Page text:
Another location trick for getting new products noticed is to create multiple displays… especially if the merchandise is a completely new line for your store. If you’ve never carried body lotion before, don’t just locate a small rack in the gift section. Put some product near checkout to get noticed while people wait in line; stock a few samples, or even a small display, in the bathrooms; and maybe even incorporate the product into some unexpected displays such as the container gardening or chemical areas. Multiple locations will create maximum exposure and the best chance for sales.
Some new product lines fit perfectly into your store; customers accept them and immediately start shopping. When you take on a new line of pottery, you probably just put it on the shelves and walk away. Other products, such as gourmet food or home furnishings, need a bit more effort.
One technique for exposing customers to these unexpected new products is to mix them with products more familiar to customers. This not only will immediately establish a context for the new products but will often create a synergy that results in increased sales for both products.
A classic example of a good adjacency is greeting cards near a floral department. Since flowers are often given as a gift, having cards nearby creates a complete package that helps the customer and shows up on the bottom line. You can easily find examples of adjacencies in the plant department by pairing together plants that have similar culture and look good together. For example, you can create a display with an unusual new perennial paired with seed impatiens or hostas, or put a specimen tree with daylilies or junipers.
How will you know which products to pair together? Is there some way to tell which combination will result in increased sell-through for both? If you develop a formula, you’ll have done something countless retail experts could not. So far, no one has been able to determine what Á creates that extra spark or synergy you sometimes get between two products. Some pairings are intuitive, like the greeting card example, but others can only be discovered the hard way… through trial and error.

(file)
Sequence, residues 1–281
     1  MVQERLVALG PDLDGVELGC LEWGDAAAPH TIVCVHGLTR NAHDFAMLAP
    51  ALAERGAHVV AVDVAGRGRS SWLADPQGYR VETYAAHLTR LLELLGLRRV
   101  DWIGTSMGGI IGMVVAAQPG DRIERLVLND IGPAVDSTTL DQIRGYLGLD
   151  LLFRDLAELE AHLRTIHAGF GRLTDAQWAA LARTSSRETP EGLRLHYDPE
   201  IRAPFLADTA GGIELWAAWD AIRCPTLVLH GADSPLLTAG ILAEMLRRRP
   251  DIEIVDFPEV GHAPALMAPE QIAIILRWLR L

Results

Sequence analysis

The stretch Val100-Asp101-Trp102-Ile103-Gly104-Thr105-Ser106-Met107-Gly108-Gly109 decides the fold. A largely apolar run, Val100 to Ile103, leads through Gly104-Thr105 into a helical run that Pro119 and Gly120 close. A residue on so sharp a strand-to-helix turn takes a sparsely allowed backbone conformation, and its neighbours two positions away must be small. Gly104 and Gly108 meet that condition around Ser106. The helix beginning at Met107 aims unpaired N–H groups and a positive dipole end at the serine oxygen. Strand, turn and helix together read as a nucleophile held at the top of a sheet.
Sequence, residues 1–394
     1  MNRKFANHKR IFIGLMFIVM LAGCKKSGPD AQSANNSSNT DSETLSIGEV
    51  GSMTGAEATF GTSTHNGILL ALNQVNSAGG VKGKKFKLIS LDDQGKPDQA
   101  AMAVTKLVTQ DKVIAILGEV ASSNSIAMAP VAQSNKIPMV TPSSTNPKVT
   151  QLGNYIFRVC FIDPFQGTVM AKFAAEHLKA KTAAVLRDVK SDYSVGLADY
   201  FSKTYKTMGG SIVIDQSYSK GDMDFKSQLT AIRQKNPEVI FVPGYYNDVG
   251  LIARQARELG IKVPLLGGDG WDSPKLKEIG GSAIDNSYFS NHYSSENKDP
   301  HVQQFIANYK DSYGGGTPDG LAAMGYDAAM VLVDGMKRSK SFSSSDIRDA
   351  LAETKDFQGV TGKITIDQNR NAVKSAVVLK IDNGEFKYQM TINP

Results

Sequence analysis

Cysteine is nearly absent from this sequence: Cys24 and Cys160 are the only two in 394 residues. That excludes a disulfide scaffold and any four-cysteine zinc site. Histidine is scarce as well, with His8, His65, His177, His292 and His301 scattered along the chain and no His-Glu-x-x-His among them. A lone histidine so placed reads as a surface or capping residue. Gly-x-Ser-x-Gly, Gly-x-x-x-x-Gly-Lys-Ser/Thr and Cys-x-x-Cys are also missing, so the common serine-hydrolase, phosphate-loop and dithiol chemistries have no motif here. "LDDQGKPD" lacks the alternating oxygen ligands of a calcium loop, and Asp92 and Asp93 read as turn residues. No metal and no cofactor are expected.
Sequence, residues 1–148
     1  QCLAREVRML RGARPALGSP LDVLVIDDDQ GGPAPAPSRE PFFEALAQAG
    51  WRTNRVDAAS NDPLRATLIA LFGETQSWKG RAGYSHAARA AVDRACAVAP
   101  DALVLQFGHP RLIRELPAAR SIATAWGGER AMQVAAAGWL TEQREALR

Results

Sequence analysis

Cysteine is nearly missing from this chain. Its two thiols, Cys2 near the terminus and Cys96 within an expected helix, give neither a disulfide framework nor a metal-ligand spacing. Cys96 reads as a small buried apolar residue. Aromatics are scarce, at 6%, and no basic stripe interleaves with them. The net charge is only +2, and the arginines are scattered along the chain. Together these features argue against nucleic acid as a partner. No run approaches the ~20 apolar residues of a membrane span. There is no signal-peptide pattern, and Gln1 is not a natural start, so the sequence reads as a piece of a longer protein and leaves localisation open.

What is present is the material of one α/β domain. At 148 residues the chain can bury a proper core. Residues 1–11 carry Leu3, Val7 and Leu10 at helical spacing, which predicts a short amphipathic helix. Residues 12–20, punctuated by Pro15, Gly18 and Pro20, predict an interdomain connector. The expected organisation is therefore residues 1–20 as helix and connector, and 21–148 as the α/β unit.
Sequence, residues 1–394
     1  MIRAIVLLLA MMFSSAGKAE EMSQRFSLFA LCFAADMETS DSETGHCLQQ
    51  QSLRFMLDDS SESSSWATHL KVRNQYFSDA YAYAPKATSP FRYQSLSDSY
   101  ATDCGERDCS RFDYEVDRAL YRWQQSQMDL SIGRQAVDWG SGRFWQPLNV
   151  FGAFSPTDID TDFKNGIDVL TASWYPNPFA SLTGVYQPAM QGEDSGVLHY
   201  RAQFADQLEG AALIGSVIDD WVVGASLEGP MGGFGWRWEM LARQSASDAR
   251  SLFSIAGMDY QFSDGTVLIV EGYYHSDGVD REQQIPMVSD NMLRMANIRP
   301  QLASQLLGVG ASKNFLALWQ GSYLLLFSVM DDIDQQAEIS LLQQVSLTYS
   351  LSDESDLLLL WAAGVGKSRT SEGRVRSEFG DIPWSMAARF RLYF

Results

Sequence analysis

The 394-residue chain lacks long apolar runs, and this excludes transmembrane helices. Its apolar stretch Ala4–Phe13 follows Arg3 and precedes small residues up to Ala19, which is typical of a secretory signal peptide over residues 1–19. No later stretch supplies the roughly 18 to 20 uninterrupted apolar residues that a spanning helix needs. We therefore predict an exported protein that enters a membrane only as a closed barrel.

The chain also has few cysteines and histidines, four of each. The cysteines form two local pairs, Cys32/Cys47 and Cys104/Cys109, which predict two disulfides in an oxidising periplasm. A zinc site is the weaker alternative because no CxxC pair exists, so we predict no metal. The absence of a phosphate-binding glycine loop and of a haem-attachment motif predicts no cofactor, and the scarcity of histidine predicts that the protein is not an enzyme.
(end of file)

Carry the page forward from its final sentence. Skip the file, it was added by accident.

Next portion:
New To Me
So what happens when it is late in the season and your store is full of merchandise that is not so new anymore and all your new buys have debuted at the beginning of spring? Should you bring in new merchandise to satisfy customers’ demands for new?
For many garden centers, it really is not smart to bring in a lot of hard goods heading into the slow season, though there are plenty of summer- and fall-blooming plants that make sense. But that does not mean displays should be allowed to get stale. Even just a few new products will freshen displays and give you something to promote. Remember, customers are not as familiar with your product offering as you are, and products that seem old to you may be new to someone else. As long as you display products in a new setting or a new context, they will seem new even if they aren’t.
In a large display, a “NEW” sign could refer to everything in the display, the grouping right under the sign or a single potted plant out front. As long as the display is new and fresh, customers will be attracted to it because it seems new and is promoted as such.
Maybe the best advice for showcasing new products is not to create a blinking sign that can be seen from the road or to bombard customers with your latest acquisition before they even enter the store. Instead, you might want to weave new products throughout your store (certainly identifying them as new when they are) so all displays and departments seem new. That way, your garden center can become a haven for new ideas whether or not your products are actually new.